Rosa Parks Day

December 1

Rosa Parks, 1913-2005

On this day in 1955 a 42 year-old woman in Montgomery, Alabama, made history for something she didn’tdo.

Stand up.

When bus driver James Blake told 4 African-Americans to give their seats to white patrons, 3 of them did so. Rosa Parks, a department store employee on her way home, refused to move. Blake threatened to have her arrested. She replied, “You may do that.”

Rosa Parks wasn’t the first African-American woman to defy Montgomery’s segregated bus system, but hers was the case that captured America’s attention.

Long ago I set my mind to be a free person and not to give in to fear…When I sat down on the bus the day I was arrested, I was thinking of going home…After so many years of oppression and being a victim of the mistreatment that my people had suffered, not giving up my seat–and what I had to face after not giving it up–was not important. I did not feel any fear sitting in the seat I was sitting in. All I felt was tired. Tired of being pushed around. Tired of seeing the bad treatment and disrespect of children, women, and men just because of the color of their skin.

Rosa Parks, Quiet Strength

After Parks’ arrest, Civil Rights activists Edgar Nixon and Jo Ann Robinson organized a one-day boycott practically overnight. What started as a one-day boycott of Montgomery’s bus system lasted 381 days. A young minister from Atlanta named Dr. Martin Luther King Jr. was elected to head the boycott. Tens of thousands of African-Americans, who comprised the vast majority of Montgomery bus patrons, walked the long road to work or school rather than ride the bus.

The following year the Supreme Court deemed Montgomery’s bus segregation unconstitutional in Browder v. Gayle.

Parks died on October 24, 2005, just a month before the 50th anniversary of her famous stand–or sit rather.

In 2008, during Barack Obama’s historic election campaign, a short poem traveled across the web and radio:

Rosa sat

So Martin could walk

So Barack could run

So our children can fly.

Cannabis Day

April 20

Yeah, this is supposed to be a school-friendly blog, but the holiday gods don’t have much to offer on April 20, and the most famous birthday today is Adolf Hitler, so Cannabis Day it is.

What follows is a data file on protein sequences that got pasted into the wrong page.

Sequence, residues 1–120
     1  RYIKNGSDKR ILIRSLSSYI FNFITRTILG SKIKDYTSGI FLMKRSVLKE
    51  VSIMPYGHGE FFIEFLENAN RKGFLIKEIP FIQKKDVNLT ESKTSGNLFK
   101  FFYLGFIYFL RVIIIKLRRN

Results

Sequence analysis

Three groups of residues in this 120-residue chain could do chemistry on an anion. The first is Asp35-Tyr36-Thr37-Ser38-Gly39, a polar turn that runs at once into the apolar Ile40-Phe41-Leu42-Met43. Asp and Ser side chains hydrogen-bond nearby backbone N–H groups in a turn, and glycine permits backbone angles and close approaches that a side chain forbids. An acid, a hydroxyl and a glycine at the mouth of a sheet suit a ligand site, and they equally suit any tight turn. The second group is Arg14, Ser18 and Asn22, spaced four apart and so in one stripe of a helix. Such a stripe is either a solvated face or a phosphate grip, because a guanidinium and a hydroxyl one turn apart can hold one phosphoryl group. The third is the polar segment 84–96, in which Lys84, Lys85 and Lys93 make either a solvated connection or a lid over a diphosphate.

April 20 has not been declared Cannabis Day, Weed Day, or Marijuana Day by any official government entity—it’s just that 4/20 has become the de facto numerical code for marijuana, though there’s debate as to how this came about.

Investigative reporting by the Huffington Post reveals that the most likely source is a group of teenage friends from Northern California in the 1970’s. The gang would meet after school by a statue of Louis Pasteur at 4:20, not just to partake in the drug of choice, but to engage on an unlikely quest: to find a rumored-about marijuana field supposedly in the Point Reyes region. The rumor was that the grower who had cultivated the field had been called off to the Coast Guard. The field was left unmanned, but no one knew its exact whereabouts.

The teenagers used the code “4:20 – Louis” to designate when and where they wanted to meet up to search for the field. Eventually it was shortened to just 4:20, and long after the search was forgotten, the number became code for smoking herb.

The spread of 4:20 across California and the universe was aided by members and followers of the Grateful Dead who eventually got wind of the code. As early as 1990, flyers passed by Bay Area Deadheads before a concert read:

“We are going to meet at 4:20 on 4/20 for 420-ing in Marin County at the Bolinas Ridge sunset spot on Mt. Tamalpais…”

The boys never found the elusive marijuana patch (or if they did, they’re not sharing).